keys from being garbage collected because nothing refers to
user This is a general purpose key type. It may be instantiated
with an arbitrary blob of data of up to about 32KB. It is
kept entirely within kernel memory. It may be read and
updated by userspace.
This is similar to user but it may hold data up to 1MB in
size. The data may be stored in the swap space rather than in
kernel memory if the size exceeds the overhead of doing so (a
tmpfs file is used - which requires filesystem structures to
be allocated in the kernel).
logon This is similar to user but the contents may not be read by
There are more specialised key types available also, but they're not
discussed here as they're not intended for normal userspace use.
As previously mentioned, keyrings are a special type of key that
contain links to other keys (which may include other keyrings). Keys
may be linked to by multiple keyrings. Keyrings may be considered as
analogous to UNIX directories where each directory contains a set of
hard links to files.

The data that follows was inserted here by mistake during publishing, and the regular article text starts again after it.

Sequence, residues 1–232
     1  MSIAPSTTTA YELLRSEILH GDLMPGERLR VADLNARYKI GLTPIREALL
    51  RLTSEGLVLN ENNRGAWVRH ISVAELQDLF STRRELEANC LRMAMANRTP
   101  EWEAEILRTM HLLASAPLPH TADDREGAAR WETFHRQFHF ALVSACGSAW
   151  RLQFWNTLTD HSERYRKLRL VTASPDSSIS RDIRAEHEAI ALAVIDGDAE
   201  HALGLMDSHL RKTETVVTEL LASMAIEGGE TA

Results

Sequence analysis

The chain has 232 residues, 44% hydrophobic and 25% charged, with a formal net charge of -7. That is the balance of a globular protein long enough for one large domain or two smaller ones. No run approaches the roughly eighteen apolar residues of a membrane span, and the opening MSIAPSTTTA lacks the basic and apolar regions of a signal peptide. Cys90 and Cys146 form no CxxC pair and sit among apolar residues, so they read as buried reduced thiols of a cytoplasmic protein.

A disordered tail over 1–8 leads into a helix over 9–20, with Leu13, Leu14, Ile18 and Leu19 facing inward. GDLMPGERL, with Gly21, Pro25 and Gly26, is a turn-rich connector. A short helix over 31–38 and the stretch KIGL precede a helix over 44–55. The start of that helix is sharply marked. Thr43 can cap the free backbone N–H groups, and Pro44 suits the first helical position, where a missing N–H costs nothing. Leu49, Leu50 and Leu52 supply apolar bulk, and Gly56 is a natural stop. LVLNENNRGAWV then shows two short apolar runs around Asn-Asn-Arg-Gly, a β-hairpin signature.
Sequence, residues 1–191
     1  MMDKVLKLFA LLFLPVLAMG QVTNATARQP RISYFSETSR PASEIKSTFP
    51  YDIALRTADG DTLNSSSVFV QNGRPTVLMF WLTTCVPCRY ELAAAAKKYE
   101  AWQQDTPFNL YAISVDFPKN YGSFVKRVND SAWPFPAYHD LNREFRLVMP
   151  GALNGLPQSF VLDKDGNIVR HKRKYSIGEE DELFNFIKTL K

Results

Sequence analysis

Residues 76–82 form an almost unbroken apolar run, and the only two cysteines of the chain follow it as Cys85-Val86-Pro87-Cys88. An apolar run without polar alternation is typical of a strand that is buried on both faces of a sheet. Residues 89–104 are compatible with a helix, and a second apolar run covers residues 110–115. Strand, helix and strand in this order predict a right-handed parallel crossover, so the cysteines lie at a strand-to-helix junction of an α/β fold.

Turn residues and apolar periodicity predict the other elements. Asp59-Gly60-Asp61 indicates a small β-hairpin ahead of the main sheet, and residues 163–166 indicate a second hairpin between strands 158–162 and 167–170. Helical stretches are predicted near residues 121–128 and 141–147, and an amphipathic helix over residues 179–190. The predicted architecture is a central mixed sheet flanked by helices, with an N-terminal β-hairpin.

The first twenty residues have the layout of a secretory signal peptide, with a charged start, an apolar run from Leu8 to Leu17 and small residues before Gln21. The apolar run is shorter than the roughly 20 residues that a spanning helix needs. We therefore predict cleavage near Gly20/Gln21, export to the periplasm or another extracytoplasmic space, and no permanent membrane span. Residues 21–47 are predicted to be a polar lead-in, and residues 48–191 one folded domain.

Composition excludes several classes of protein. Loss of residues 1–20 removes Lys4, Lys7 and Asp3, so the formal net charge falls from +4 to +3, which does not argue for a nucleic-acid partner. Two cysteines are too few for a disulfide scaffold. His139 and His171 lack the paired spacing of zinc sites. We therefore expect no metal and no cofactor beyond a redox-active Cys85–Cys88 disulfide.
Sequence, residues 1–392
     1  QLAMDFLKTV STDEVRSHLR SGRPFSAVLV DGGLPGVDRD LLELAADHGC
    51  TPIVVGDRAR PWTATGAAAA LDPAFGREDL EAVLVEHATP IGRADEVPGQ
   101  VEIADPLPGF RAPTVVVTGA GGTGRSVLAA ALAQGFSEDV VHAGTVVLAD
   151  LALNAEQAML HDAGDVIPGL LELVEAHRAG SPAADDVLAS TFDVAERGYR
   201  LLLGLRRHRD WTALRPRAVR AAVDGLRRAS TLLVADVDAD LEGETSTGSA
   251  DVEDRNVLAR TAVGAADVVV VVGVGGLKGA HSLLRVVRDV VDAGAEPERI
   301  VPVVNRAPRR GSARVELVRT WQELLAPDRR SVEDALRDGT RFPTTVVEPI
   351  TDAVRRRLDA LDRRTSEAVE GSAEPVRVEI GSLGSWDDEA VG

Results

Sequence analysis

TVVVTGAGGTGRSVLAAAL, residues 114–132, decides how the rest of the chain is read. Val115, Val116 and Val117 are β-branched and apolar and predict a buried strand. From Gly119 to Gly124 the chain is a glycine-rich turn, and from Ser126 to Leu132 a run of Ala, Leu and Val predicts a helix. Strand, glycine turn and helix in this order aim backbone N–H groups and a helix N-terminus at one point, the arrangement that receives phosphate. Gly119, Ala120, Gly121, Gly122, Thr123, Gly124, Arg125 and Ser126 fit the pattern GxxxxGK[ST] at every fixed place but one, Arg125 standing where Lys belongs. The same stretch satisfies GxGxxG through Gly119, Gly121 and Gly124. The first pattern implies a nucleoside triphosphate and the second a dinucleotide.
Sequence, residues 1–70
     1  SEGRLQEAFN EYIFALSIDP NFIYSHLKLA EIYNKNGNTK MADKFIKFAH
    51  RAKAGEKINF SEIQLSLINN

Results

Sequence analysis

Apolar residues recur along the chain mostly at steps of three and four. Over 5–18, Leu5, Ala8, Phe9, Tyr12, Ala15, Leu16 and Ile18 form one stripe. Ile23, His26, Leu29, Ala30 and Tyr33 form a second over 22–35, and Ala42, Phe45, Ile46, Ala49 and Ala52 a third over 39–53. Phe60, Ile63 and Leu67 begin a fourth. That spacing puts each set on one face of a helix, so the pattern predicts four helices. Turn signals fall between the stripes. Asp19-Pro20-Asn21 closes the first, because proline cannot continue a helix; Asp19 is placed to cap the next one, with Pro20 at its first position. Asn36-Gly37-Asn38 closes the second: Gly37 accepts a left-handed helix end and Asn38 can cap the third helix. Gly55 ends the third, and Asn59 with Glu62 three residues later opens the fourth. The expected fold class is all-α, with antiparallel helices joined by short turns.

Several of the syscall functions available may only be applied to
Adding A key may be added to a keyring by system calls that create
keys. This prevents the new key from being immediately
deleted when the system call driver releases its last
reference to the key.
A link may be added to a keyring pointing to a key that is
already known, provided this does not create a self-
A link may be removed from a keyring. When the last link to a
key is removed, that key will be scheduled for deletion by the
All the links may be removed from a keyring.
A keyring may be considered the root of a tree or subtree in
which keyrings form the branches and non-keyrings the leaves.
This tree may be searched for a leaf matching a particular
type and description.
See the keyctl_clear(3), keyctl_link(3), keyctl_search(3) and
keyctl_unlink(3) manual pages for more information.
To prevent a key from being prematurely garbage collected, it must
anchored to keep its reference count elevated when it is not in
active use by the kernel.
Keyrings are used to anchor other keys - each link is a reference on
a key - but whilst keyrings are available to link to keys, keyrings
themselves are just keys and are also subject to the same anchoring
The kernel makes available a number of anchor keyrings. Note that
some of these keyrings will only be created when first accessed.
Process credentials themselves reference keyrings with
specific semantics. These keyrings are pinned as long as the
set of credentials exists - which is usually as long as the
There are three keyrings with different inheritance/sharing
rules: The session keyring (inherited and shared by all child
processes), the process keyring (shared by all threads in a
process) and the thread keyring (specific to a particular